27th Mar 2018
Blood, sweat and tears. All these you invested so your brand can establish its niche in the market. After years of hard work, your brand is now popular. You now have a regular clientele who patronize your products bearing your trademark. Then one day, you realize that your sales declined. You wonder why. Upon investigation, you discovered that a store is selling products bearing your trademark without your consent. You also see another store selling products with a logo almost similar to your trademark. Worse, these stores are selling their products at lower prices! No wonder you lost your customers to these stores. What do you do?
This is a common scenario whereby businesses fall prey to copycats or infringers who piggy back on the goodwill and popularity of others. Instead of spending time, effort and money to develop a brand, some prefer to just copy these trademarks and unduly ride on the fame of these brands. This is of course illegal. The act of any person who shall, without the consent of the owner of a registered trademark, use in commerce, reproduce, counterfeit, copy or imitate a registered trademark or a dominant feature thereof is tantamount to trademark infringement. This holds true regardless of whether there is actual sale of the goods or services bearing the infringing mark.
One of the remedies of the registered trademark owner is to file an administrative complaint for trademark infringement against the third party. Such procedure is governed by the Rules & Regulations on Administrative Complaints for Violation of Laws Involving Intellectual Property Rights (“Rules on IPV Cases”) as amended by Office Order No. 12, series of 2002, Office Order No. 186, series of 2010 and IPOPHL Memorandum Circular No. 17-012, series of 2017.
This proceeding is initiated by filing a verified Complaint with the Bureau of Legal Affairs of the Philippine Intellectual Property Office (“BLA”) within four (4) years from the date of commission of the violation, or if the date be unknown, from the date of discovery of the violation. The BLA will have original jurisdiction over the case if the total damages claimed are NOT less than P200,000.00.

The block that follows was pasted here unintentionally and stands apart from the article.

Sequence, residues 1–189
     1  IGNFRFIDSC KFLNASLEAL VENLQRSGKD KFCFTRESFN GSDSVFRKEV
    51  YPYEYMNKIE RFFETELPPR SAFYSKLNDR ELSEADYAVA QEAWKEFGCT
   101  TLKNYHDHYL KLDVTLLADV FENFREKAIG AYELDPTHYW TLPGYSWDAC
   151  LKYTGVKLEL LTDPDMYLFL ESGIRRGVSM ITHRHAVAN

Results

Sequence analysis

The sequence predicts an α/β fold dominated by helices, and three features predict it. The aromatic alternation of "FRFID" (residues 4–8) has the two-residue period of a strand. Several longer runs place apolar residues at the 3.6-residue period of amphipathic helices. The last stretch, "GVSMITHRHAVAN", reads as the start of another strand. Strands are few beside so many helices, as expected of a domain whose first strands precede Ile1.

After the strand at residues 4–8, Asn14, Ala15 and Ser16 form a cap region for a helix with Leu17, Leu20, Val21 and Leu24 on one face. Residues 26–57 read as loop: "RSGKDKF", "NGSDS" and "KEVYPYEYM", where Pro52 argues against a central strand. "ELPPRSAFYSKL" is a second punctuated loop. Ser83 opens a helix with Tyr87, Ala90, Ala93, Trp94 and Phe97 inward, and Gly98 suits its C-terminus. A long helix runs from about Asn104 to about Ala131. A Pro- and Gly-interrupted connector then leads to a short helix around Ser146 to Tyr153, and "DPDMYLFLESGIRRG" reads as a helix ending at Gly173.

The Respondent shall be required to file his Answer within ten (10) days from receipt of the summons issued by the BLA.
Upon joinder of the issues, the pre-trial conference shall be set. Before such conference, the parties will be required to submit a pre-trial brief containing a brief statement of the parties’ claims and defenses, suggestions for simplification of issues, list of documents with appropriate markings to be submitted as evidences, statement of stipulation of facts and openness to possibility of amicable settlement, limitation on the number of witnesses and other matters which may aid in the prompt disposition of the case. Failure on the part of the complainant to submit the Pre-Trial brief on time or to appear at pre-trial shall be cause for dismissal of the case with prejudice. On the other hand, a similar failure on the part of the Respondent shall cause the declaration of the Respondent as in default and thereby allow the Complainant to present his evidence ex parte.
After pre-trial, the Hearing Officer shall set the case for successive and continuous hearing for the reception of the evidence in chief. The presentation of evidence shall be completed in two (2) years whereby the Complainant shall have eight (8) months to present and offer evidence. Within ten (10) days after the Complainant has finished his presentation of evidence or lapse of the 8 month period, whichever comes first, the Complainant shall file a formal offer of evidence to which the Respondent may file his comment/objection thereto within ten (10) days from receipt., The same shall be resolved by the Hearing Officer within fifteen (15) days from receipt of the comment/objection.
Thereafter, the Respondent shall have eight (8) months to present and offer his evidence. Within ten (10) days after the Respondent has finished his presentation of evidence or lapse of the 8 month period, whichever comes first, the Respondent shall file a formal offer of evidence to which the Complainant may file his comment/objection thereto within ten (10) days from receipt., The same shall be resolved by the Hearing Officer within fifteen (15) days from receipt of the comment/objection.
Subsequently, the parties shall be given two (2) months each for rebuttal and sur-rebuttal evidence, without extension.
In order to expedite trial, judicial affidavits shall be used, in lieu of direct testimony.
Upon termination of the period for reception evidence, the case shall be decided by the BLA within thirty (30) calendar days from submission. The BLA may require the submission of a memorandum.
This is how to file a trademark infringement case with the Philippine Intellectual Property Office.
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